Published: October 9, 2019


Hu, N., Taylor, C. L., Glauert, R. A., & Li, J. (2019). The pervasive effects of timing of parental mental health disorders on adolescent deliberate self-harm risk. PloS one, 14(8), e0220704.

Authors:

Nan Hu, Catherine L. Taylor, Rebecca A. Glauert, & Jianghong Li.


Abstract:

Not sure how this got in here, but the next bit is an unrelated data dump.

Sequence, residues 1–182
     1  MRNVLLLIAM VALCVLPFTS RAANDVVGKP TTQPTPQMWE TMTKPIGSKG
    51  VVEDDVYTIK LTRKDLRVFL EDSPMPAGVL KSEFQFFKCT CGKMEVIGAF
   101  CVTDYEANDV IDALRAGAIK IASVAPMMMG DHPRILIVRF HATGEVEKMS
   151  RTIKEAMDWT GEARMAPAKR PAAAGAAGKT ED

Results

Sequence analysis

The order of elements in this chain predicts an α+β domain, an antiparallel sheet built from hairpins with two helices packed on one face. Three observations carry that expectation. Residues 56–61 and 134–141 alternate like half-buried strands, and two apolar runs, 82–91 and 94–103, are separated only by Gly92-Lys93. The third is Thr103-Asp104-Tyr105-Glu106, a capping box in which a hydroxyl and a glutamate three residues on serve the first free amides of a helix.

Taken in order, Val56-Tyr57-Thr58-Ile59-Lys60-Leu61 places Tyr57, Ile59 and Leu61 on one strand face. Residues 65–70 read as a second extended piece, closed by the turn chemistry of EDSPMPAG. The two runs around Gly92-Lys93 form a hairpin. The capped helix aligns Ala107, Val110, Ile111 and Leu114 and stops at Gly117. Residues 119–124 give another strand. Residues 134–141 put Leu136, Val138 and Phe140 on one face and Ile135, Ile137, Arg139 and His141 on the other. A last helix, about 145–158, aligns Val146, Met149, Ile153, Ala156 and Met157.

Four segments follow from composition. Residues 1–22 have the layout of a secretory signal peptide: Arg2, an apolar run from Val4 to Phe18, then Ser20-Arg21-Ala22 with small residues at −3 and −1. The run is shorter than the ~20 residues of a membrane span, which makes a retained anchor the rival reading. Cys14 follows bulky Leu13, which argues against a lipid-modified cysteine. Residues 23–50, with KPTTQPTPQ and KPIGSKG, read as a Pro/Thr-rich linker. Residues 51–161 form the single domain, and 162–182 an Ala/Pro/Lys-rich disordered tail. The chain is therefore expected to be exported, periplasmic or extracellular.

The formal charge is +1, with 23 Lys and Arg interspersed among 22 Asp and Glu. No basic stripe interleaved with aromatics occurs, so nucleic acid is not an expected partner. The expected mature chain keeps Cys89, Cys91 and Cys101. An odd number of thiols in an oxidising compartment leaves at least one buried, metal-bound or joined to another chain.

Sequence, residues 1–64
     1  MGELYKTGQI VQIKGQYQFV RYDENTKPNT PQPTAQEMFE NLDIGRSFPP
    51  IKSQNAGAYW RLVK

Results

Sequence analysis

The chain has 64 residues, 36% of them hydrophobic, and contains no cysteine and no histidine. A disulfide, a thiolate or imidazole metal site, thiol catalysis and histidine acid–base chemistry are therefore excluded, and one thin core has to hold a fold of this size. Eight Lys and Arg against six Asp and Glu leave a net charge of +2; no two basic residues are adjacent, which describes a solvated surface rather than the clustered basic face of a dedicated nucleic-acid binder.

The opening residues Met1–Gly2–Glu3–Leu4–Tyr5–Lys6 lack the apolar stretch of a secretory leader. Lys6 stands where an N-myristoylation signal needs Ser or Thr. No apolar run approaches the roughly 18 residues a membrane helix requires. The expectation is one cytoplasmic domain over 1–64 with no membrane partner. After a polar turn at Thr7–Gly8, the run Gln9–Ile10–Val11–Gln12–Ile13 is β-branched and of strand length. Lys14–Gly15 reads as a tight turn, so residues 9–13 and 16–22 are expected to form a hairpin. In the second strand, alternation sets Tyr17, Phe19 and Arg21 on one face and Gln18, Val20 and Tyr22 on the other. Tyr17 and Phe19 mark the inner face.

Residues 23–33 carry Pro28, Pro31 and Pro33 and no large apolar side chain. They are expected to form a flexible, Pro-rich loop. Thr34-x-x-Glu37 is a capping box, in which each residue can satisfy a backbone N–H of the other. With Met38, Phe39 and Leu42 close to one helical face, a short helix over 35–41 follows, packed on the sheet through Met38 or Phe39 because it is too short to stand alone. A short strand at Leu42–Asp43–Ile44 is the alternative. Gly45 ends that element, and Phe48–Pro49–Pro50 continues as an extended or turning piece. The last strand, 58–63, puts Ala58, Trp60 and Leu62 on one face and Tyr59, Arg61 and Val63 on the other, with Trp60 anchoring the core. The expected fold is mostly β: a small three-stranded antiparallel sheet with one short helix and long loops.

Children whose parents have mental health disorders are at increased risk for deliberate self-harm (DSH). However, the effect of timing of parental mental health disorders on adolescent DSH risk remains under-researched. The aim of this study was to investigate how parental hospital admissions for mental health disorders and/or DSH in different developmental periods impact on the child’s DSH risk in adolescence. A nested case-control sample was compiled from a total population cohort sample drawn from administrative health records in Western Australia. The sample comprised 7,151 adolescents who had a DSH-related hospital admission (cases), and 143,020 matched controls who hadn’t had a DSH-related hospital admission. The occurrence of parental hospital admissions related to mental health disorders and/or DSH behaviours was then analysed for the cases and controls. The timing of the parental hospital admissions was partitioned into four stages in the child’s life course: (1) pre-pregnancy, (2) pregnancy and infancy, (3) childhood, and (4) adolescence. We found that adolescents of a parent with mental health and/or DSH-related hospital admissions in all developmental periods except pregnancy and infancy were significantly more likely than controls to have a DSH-related hospital admission. Compared to parental hospital admissions that occurred during childhood and adolescence, those that occurred before pregnancy conferred a higher risk for adolescent DSH: adjusted odds ratio (aOR) = 1.25 for having only one parent hospitalised and 1.66 for having both parents hospitalised for mental health disorders; aOR = 1.97 for having any parent hospitalised for DSH, all being significant at the level of p < .001. This study shows that timing is important for understanding intergenerational transmission of DSH risk. The pre-pregnancy period is as critical as period after childbirth for effective intervention targeting adult mental health disorders and DSH, highlighting the important role of adult mental health services in preventing DSH risk in future generations.